Top 50 Biblioblogs for November 2012
I just checked out again the Biblioblog top 50—the 50 biblical studies-related blogs that had the most hits in the past month. That includes a pretty big bunch of blogs, nearly 600 from across the theological (and even atheistical) spectrum.
So why are there comparatively few conservative evangelical blogs among the top 50? Justin Taylor and Andy Naselli—and even Al Mohler—are nowhere to be found. No Tim Challies. No Trevin Wax. No Rod Decker. No Carl Trueman. The blogs I’ve just listed are all part of the site’s database (with the exception of the last, probably because people who blog using incomprehensible British pseudonymous personalities are disqualified), but they didn’t make the top 50 at any time in 2012.
The August, 2012 top 50 was actually topped by the “Debunking Christianity” blog. And most of the other blogs on the November, 2012 list, from what I can tell, are theologically liberal. Some are Jewish. One is an unchurched Christian of some strange sort. I don’t read any of them. Not one. (I used to read Evangelical Textual Criticism and Euangelion, but no more. And Euangelion is evangelical but too far left, too academically dry, and too iconoclastic for my tastes. καὶ τὰ λοιπά is interesting, but I had to take it out of my feeds for time reasons.)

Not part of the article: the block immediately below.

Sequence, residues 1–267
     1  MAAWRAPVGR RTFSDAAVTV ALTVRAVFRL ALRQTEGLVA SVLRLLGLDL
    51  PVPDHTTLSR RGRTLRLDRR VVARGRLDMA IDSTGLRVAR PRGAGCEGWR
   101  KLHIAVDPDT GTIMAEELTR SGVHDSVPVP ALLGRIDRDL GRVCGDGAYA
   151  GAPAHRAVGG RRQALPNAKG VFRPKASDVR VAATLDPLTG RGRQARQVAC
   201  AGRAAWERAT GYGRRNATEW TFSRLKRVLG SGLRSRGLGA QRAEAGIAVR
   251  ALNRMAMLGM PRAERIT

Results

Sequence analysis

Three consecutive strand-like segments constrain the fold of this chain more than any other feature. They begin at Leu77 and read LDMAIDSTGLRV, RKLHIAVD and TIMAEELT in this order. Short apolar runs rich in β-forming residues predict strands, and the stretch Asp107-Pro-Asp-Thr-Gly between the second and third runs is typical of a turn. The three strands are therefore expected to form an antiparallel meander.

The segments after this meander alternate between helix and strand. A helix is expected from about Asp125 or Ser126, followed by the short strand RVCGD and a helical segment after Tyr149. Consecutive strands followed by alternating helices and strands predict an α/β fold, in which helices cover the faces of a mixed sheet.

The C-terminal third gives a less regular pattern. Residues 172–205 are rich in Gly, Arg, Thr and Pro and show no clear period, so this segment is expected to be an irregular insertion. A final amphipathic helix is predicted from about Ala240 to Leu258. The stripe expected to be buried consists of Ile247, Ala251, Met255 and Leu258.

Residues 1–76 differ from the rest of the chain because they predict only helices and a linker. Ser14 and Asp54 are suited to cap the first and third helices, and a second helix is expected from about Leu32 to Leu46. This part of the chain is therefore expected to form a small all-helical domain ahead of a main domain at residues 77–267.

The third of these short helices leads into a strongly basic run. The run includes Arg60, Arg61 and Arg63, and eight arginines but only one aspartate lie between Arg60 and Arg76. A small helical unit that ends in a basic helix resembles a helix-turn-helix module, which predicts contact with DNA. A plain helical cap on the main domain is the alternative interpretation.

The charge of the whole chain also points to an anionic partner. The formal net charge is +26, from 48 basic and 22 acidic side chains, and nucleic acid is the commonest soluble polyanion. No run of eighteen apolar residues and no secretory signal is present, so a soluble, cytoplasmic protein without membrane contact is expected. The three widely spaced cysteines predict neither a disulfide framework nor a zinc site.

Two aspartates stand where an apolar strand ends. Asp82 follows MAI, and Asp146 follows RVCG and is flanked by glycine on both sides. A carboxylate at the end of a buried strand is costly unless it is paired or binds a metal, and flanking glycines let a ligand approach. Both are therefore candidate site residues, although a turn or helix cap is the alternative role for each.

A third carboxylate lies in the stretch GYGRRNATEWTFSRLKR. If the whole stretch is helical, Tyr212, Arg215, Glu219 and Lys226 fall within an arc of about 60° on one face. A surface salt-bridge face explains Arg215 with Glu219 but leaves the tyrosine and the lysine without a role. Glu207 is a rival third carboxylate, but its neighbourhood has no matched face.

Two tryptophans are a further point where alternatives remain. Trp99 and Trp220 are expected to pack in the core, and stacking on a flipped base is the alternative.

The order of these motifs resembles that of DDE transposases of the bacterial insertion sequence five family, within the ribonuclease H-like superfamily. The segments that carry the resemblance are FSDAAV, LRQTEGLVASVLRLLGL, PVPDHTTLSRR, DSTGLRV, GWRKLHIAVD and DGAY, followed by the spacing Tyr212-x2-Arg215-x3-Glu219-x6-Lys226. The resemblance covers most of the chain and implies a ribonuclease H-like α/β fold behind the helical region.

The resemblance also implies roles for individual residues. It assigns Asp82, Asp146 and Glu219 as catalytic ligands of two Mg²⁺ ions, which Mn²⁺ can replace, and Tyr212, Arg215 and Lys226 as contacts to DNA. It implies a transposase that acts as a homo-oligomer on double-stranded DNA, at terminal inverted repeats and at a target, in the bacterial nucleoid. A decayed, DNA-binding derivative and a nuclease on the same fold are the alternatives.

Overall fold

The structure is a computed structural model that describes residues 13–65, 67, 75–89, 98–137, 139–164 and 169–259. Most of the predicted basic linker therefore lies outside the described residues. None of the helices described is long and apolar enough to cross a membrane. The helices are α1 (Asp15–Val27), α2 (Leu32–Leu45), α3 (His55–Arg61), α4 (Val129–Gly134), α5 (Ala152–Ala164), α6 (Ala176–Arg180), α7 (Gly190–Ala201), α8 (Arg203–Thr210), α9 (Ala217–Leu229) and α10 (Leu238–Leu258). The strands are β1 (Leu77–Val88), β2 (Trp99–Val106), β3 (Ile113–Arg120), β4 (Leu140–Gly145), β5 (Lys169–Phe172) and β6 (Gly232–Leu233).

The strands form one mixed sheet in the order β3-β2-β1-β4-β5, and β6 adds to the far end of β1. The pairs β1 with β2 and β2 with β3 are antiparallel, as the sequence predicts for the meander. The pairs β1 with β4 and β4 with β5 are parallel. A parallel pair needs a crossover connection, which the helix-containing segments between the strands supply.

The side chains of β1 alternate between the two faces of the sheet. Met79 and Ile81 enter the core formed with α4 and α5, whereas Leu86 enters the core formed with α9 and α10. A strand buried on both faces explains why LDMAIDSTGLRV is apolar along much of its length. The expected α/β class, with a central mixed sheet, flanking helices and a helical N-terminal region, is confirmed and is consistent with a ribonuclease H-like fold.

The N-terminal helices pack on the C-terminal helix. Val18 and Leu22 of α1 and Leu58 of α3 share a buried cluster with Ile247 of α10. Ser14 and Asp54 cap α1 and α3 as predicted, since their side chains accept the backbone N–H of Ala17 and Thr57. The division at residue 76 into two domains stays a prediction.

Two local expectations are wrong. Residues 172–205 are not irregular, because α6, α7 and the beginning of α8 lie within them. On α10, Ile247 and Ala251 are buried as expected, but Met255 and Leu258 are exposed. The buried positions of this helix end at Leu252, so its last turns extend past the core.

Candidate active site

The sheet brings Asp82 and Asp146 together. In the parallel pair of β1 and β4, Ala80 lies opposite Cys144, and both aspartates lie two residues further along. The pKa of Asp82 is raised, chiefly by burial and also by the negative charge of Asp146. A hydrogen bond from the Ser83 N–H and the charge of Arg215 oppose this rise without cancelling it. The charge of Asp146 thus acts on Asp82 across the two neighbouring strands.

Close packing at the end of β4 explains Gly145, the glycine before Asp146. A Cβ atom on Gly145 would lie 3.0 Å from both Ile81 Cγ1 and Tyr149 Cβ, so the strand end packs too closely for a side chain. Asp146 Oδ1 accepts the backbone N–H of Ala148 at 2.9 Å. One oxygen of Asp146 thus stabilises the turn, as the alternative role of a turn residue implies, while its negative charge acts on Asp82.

I am genuinely curious about the failure of evangelicals to show up on—much less dominate—the list; I was pretty surprised by it. I thought mainline Protestantism was dying, that evangelicalism was far more vital and large. So why are blogs that push mainline views more popular than evangelical blogs?
- Is it possible that there is a greater number of evangelical bloggers and that they therefore tend to drive down each other’s stats by spreading out the overall readership too thinly?
- Is it that evangelicals are fooling themselves about their influence and actually constitute a minority of self-proclaimed Christians in the English-speaking world? (Is it, indeed, that hit counts include the whole globe and not just the U.S.?)
- Is it that a lot of left-wing evangelicals are paying attention to liberal blogs because that’s the direction they’re headed?
- Is it that the top 50’s hit counts are influenced by links from culturally mainstream sites like the Huffington Post—people who pay no attention to evangelicals?
- Does this have something to do with a North Korean plot? (Just kidding, just kidding! It would have to be Iranian.)
What do you think?
P.S. And why do so many top blogs have such horrendous graphic design?